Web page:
When I left you last week, Alexa was playing soft piano music as we drifted off to sleep. I think I’ve already told most of you, but, well, what do we all know about skunks, anyway? Why is one under our house, and why did he/she spray? The female will spray a male if she does not care to mate with him, I have learned, but hey, it’s August. Not mating season, right? So, predator?
The next morning, I go in search of possible skunk entrance and find:
Holy crap! I show Larry my photo and we begin to strategize. But I know what I’ll do. Call a friendly neighbor who happens to be sort of a genius engineer. You know, the kind who will plan and build, by himself, seismic reinforcement for his house? A little skunk burrow shouldn’t wrinkle his brow.
He comes over, measures the hole, returns with a 2×4 whittled to size, soaked in some preservative, a shop light on a wire, and some super-strength vinegar. Advises the purchase of a Nest camera, which will digitally catch the perp, and I’m ready to deal. Meanwhile, I have the inspiration to sift cornstarch on the path. Anybody goes in there, I’ll know it.
Now, a week later, no sign of any traffic into the hole. No smell. Did the vinegar and the light do the trick? Larry sits across from me working on the Nest camera, which has helpfully just arrived. We’ll mount it by the garden . . .
So how’s it going, two weeks in on the surgery? Um, we’re both tired. But the bandage is off the knee, he’s in rehab (physical, that is), still hoping to be golfing come October. I’ve been doing a lot of work outside that Larry would normally do. And here’s the thing. When we began this live-in-the-country gig, we did everything together. Standing in the back of the pickup pouring water onto the new driveway trees. It’s dark but it’s light because the moon is full and it’s magic. Like that.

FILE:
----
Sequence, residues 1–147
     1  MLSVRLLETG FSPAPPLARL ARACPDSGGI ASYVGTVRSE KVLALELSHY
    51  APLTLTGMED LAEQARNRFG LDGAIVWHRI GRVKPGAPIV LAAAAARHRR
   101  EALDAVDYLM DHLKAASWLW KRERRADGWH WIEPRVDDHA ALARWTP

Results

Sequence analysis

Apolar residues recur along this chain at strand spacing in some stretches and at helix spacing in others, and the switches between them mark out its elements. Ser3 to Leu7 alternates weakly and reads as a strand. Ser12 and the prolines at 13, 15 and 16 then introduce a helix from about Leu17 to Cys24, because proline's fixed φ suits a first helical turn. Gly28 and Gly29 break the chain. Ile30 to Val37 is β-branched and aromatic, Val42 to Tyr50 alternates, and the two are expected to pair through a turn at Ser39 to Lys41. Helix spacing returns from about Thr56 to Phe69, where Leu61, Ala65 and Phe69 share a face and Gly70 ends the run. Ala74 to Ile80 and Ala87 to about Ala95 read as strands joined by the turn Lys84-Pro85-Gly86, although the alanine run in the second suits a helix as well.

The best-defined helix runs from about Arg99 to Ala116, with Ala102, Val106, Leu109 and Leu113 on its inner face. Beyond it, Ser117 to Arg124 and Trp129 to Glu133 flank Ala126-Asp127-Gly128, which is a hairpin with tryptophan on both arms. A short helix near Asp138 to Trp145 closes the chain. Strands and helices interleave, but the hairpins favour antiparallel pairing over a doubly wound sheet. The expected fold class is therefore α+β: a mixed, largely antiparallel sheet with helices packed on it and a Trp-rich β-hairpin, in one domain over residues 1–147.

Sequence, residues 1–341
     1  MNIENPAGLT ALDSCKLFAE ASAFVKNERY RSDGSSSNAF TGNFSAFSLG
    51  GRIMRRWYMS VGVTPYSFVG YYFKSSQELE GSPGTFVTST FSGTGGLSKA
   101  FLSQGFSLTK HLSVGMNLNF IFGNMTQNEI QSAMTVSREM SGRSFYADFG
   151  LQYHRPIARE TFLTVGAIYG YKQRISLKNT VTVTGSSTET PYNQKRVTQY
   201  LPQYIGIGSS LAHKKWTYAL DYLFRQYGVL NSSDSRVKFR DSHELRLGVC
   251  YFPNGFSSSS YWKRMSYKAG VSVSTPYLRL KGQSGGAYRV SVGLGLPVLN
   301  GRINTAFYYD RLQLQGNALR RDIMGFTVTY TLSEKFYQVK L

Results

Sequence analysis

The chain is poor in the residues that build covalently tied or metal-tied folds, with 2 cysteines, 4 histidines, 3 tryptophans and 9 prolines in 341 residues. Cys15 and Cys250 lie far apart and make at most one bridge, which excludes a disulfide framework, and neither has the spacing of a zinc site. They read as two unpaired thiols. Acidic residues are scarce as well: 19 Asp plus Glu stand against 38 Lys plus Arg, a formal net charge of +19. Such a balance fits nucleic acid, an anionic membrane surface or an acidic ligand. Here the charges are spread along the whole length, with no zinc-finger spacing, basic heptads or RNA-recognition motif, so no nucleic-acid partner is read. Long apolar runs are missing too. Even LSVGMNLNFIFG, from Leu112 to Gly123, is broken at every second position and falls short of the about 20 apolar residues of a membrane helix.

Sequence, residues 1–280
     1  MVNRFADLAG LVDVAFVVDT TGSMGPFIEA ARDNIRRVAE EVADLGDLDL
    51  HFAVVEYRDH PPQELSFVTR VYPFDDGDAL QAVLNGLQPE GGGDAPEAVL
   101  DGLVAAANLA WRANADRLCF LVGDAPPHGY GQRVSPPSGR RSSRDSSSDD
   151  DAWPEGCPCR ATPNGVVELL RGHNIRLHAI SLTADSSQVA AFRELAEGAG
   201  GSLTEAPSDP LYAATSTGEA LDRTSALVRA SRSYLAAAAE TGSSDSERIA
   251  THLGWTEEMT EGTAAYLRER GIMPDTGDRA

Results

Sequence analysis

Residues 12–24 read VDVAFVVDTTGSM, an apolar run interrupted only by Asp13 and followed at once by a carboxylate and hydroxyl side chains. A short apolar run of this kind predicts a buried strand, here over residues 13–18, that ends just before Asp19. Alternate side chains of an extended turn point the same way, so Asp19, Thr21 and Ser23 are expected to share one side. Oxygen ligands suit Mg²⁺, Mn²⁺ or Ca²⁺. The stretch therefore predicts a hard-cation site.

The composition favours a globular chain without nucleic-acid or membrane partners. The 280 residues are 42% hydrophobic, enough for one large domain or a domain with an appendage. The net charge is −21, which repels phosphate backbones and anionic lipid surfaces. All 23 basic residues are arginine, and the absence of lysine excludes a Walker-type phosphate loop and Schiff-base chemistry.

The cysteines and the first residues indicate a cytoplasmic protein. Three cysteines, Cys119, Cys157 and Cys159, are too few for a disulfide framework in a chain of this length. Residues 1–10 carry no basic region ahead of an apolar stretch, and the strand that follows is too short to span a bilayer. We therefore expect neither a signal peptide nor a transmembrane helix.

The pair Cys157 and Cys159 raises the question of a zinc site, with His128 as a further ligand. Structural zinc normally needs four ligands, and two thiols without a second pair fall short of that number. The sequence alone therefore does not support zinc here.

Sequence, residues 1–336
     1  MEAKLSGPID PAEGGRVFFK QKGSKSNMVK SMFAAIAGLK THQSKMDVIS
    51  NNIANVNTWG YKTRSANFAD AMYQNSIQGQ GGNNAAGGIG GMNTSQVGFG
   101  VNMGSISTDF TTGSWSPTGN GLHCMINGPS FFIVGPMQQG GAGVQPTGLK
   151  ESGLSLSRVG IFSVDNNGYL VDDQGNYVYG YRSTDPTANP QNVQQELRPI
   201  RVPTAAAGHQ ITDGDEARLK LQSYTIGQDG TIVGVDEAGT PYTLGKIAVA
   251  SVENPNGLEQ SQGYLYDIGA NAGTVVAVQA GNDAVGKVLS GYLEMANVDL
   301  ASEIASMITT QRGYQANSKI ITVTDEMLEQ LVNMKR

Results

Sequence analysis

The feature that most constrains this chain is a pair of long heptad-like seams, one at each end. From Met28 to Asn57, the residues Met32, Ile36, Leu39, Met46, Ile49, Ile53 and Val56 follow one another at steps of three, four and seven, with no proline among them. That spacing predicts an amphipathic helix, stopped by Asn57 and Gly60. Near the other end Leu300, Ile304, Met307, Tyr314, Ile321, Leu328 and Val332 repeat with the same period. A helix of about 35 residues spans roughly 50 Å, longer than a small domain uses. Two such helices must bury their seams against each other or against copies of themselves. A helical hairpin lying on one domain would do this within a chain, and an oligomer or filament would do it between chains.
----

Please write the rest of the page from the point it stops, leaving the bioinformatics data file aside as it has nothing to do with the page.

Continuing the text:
But over time, we began to assume roles. When there are branches to saw from a fallen tree, Larry does it himself or gets Mitch, a guy who works for us sometimes, to help. He straps on the backpack and sprays blackberries. He tills his garden. Grows squash and potatoes and tomatoes.
I do the laundry. Plan and cook the meals. Can or freeze the squash and tomatoes. Of course, we both do both, sort of. Like dishes, for example, although dishes are not the same.
But now, today I went out in the morning to check on the chicken’s water and found that I’d left the hose on all night, watering a rhododendron. OMG, I’m horrified that I’ve run the well dry. (Don’t worry, I didn’t). But the chicken’s watering system had run dry — and needed to be cleaned. That chore done, I weed-whacked the orchard fence and dead-headed the dahlias. I had to haul the trash bins up from the road and into the barn.
When I looked up, it was noon. I had forgotten. I like this work.
Of course, I can’t do this alone, but I mean to pull on my boots more often when Larry has both legs under him again.
Changing the subject, neighbor Terri had the inspiration to bring Larry some of her vast puzzle collection to pass the time while he mends. Good idea! He’s motored through one thousand-piecer, but this?
He finally had to play the color-blind card and walk away. So there it sat on the table and what could I do. Can’t just walk by, and so. Pretty soon all my thoughts about strong-woman farming drifted away. I made peanut-butter cookies. Sigh.
I said earlier that we’re tired. I’ve been having a fight with my devices — having to do with compromised passwords, or so my computer tells me. And I have an appointment tomorrow with SimplyMac, who will, I hope, inform me that I don’t have to change every. single. password. If someone in DesMoines is using my information on a different computer, I say, have at it. Maybe you can get Hulu to work for you.
Yawn. Must stay up until 9 pm. I’m listening to a book — have you been watching Chair? So there’s a bit in the show about David Duchovny. I looked him up, and found his novel Truly Like Lightning. Wow. Read by the author. I’m loving it, thinking I’d like to read it, as well. Of course I know I won’t. But so you know, yeah.